My PopPop: Causing Trouble and Offering Comfort Sunday, Dec 8 2013 

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US Coast Guard

My paternal grandfather was a bit of a trouble maker, which he passed down to his two sons.  He had a good sense of humor, and after he battled some personal difficulties he showed his loving heart and infectious laughter with his family.  He left this world nearly 25 years ago, but I still remember his playful smile and mischievous tendency.

PopPop was a significant part of my life growing up, living with my parents when they moved into their first home.  The in-law suite worked perfectly so that each could have their privacy yet still be in close proximity.  I recall family dinners when my dad would frequently cause his father to burst out in laughter, which tended to be a choking hazard. My grandfather suffered a stroke before I was born which left him with a significant speech impediment.  When I hear his voice in my memories, I hear him as he was – slurred speech and all.  He was there during the holidays, right there to watch us unwrap our gifts from Santa on Christmas morning.

In addition to our family lineage and stories, a strong spirituality was also passed down through the generations.  My maternal grandmother (MomMom) was my godmother and PopPop, my Confirmation sponsor.  They were such an important part of my life, and when they died it felt like they took a part of me with them.  MomMom’s death was sudden and I too young to understand what had happened.  As such, I never got to say goodbye.  Six years after her death, history repeated itself when my dad’s father died.  I stood with my mother and cried, sad that I wouldn’t get to see him again but more upset that I didn’t get to say goodbye.  To say “Thank You” or tell him I loved him.

That night I said goodbye in my dreams.  I stood in the in-law suite, darkness around me.  Then there he was, with his grey hair and glasses.  I ran to him and he hugged me tight.  I rested my head against his chest and squeezed with all the love I could muster.  I told him goodbye and woke without sadness.  When PopPop died many grieved for his passing, but our family still jokes that wherever he is, he’s causing trouble and doing it with a smile!

If it’s not one thing… Monday, Aug 6 2012 

Last week I discussed the challenges I have been dealing with in researching my father’s side of the family.  It’s Mom’s turn this week and finding her relatives has been much easier; for the most part.

Growing up I spent a lot of time in my mother’s hometown.  Hazleton, Pennsylvania became my home away from home.  A place that I loved to spend my summers.  My grandmother had been one of the most important relationships in my young life and she’s remained a big part of my life ever since.  When my maternal grandmother died in 1984 I was only 7 but the impact of that loss was significant.  By that time, my mother had lost her father, her step-father and then her mother.  All before her 32nd birthday.  I can’t imagine what she had to deal with. She had four daughters left to raise without her mother to offer support, guidance and advice.  Sometimes, I think that’s part of the reason she’s such a pivotal part of her grandchildren’s life.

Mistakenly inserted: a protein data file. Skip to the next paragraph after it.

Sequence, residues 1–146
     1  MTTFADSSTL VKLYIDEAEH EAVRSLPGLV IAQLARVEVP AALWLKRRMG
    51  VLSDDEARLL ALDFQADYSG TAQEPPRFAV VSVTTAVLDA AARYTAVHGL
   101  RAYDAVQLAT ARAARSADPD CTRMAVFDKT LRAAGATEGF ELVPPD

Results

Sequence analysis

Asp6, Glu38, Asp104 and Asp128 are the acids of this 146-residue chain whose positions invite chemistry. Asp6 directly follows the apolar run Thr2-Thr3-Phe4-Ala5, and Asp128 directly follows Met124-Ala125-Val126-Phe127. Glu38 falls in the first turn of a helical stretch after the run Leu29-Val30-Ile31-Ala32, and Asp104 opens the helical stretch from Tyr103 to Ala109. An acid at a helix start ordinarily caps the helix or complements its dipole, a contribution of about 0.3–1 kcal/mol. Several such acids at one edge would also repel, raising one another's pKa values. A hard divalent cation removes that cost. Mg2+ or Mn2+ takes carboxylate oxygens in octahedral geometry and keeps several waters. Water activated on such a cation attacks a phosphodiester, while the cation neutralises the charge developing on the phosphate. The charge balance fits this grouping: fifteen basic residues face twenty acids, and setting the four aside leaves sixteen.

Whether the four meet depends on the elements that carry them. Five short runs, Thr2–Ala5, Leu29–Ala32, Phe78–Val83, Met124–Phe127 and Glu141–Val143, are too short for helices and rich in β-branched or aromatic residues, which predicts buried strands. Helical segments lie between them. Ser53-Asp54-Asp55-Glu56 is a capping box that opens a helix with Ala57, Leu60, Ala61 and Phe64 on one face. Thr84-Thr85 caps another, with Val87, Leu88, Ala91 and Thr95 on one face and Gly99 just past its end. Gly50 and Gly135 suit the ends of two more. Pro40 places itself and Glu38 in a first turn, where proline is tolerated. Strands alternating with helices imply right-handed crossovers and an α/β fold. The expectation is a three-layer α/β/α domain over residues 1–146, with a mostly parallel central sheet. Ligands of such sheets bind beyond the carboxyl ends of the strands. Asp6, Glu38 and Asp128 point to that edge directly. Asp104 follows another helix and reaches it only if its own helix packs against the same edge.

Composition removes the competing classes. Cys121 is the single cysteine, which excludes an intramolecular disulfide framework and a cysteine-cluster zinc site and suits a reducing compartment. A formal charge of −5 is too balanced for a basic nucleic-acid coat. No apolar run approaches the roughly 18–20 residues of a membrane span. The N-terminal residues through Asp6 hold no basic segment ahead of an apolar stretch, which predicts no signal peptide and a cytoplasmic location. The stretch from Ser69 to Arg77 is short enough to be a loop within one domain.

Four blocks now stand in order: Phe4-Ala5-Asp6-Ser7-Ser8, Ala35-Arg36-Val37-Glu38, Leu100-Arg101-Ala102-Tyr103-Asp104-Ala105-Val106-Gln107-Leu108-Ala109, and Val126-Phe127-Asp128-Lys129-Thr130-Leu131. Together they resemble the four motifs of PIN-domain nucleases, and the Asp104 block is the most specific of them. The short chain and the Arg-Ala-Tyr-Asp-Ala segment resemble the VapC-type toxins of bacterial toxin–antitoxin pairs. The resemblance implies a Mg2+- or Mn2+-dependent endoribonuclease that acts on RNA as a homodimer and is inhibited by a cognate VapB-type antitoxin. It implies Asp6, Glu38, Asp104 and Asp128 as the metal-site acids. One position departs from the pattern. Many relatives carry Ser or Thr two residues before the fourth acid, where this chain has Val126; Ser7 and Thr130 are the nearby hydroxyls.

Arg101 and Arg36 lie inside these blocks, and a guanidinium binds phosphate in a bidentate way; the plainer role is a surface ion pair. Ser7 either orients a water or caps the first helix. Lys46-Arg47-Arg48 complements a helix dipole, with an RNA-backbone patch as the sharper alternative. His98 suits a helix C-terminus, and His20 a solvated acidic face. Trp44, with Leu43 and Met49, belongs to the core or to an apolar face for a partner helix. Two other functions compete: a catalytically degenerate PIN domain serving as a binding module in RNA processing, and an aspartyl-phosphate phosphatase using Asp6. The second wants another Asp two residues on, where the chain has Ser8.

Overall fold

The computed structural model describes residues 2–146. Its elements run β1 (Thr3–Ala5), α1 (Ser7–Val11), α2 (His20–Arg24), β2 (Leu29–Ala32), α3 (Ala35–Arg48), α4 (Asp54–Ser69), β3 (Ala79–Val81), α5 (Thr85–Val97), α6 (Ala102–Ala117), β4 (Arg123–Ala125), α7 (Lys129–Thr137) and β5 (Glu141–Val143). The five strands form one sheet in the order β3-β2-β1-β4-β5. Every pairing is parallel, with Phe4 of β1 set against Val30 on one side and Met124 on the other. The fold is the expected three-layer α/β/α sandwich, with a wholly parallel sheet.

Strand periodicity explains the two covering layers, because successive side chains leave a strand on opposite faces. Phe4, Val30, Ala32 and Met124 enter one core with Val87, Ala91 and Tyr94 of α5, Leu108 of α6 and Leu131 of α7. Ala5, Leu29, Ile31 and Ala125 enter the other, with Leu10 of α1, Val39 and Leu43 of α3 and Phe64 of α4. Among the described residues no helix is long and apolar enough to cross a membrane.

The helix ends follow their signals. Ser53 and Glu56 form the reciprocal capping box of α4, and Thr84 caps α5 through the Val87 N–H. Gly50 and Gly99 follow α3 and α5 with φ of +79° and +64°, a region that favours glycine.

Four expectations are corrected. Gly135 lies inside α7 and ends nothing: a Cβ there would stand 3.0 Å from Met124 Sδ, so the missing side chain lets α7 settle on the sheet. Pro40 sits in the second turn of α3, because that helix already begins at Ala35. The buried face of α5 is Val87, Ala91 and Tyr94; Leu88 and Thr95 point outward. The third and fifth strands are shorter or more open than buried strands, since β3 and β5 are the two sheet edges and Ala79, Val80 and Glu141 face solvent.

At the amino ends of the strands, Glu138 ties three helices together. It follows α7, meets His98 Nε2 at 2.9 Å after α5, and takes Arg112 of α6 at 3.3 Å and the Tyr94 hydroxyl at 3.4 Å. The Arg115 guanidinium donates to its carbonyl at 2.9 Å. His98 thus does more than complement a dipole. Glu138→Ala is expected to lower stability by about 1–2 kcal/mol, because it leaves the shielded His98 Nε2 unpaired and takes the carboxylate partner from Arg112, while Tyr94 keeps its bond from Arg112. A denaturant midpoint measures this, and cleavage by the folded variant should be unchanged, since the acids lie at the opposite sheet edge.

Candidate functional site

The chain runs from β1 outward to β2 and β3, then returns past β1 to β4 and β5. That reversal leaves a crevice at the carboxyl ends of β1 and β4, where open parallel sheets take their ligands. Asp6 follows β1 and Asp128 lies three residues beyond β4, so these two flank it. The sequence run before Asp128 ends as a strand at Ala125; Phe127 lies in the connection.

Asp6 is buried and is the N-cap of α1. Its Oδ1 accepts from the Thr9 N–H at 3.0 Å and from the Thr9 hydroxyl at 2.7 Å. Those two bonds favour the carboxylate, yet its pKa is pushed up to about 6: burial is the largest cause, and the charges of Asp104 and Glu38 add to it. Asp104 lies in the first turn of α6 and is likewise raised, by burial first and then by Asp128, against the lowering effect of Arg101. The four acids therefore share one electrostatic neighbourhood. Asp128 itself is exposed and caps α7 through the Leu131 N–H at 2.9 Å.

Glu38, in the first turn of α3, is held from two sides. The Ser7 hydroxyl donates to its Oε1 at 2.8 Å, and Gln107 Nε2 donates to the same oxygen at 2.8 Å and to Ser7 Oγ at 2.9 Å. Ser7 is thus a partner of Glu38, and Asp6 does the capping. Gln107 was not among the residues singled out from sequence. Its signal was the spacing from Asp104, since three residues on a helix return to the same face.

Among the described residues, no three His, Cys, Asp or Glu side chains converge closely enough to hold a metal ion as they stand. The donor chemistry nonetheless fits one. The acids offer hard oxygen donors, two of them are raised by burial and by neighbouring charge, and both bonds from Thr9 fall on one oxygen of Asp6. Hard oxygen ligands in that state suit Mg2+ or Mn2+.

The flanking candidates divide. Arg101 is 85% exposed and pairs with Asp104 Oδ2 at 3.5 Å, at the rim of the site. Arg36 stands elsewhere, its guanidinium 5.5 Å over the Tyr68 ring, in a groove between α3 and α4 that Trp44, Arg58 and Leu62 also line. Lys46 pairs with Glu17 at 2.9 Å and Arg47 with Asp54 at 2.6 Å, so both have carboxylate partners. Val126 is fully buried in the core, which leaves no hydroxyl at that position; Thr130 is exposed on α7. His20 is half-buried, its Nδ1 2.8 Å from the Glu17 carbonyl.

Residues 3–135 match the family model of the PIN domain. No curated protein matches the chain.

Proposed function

My mother grew up in a house that her grandfather had built.  She’d tell me stories about the winding staircase, the fireplace and the family get-togethers.  We found pictures a few months ago that showed the ornate fireplace, the cherubed ceilings and the french doors.  There were so many photos of family members; especially my mother, uncle and their cousins. 

Family played a significant role in my mother’s life.  She grew up with so many cousins, on both sides of her family, and they spent a lot of time together.  (There’s a part of me that wished I had the same; but times change and families live where economics and employment determine they go.)  Even after my grandmother died we’d go back to Hazleton frequently.  My mother still had aunts, uncles and cousins in the area and there was even a family reunion every August.

I knew more about my mother’s side of the family then my father’s.  We joked that my mom was a coal miner’s daughter but it was only a few generations of difference.  In putting together my family tree I realized how happy I was that her side of the family had unique names, both first names and surnames.  Thank heavens for the Elmers, Ellsworths and Martins! I found generations of coal miners, farmers and truck drivers.  I realized that the strong family bonds were necessary because early death was not only likely but frequent.  My mother’s great-grandfather died in a coal mining accident in 1902 at the age of 32.  He left behind a wife and numerous children.  How did his family put food on the table, clothes on their backs and smiles on their faces?  My great, great-grandmother remarried a few years later and the half-siblings went on to hold that joint family reunion.

My mother’s father died at the age of 40.  A truck driver by occupation, he was injured in a fluke trucking accident; causing him to no longer be able to work.  My grandmother had to work to provide for the family.  Eventually, he became sick and died at an age that was much too young.  My grandmother remarried and I grew up knowing my mom’s brother, step-brother and step-sister as equal members of my family. 

In researching my maternal ancestors I’ve come to the conclusion that family isn’t always determined by blood.  Love guided my mother’s relations and she passed that down to her children.  For that, I will be eternally grateful!

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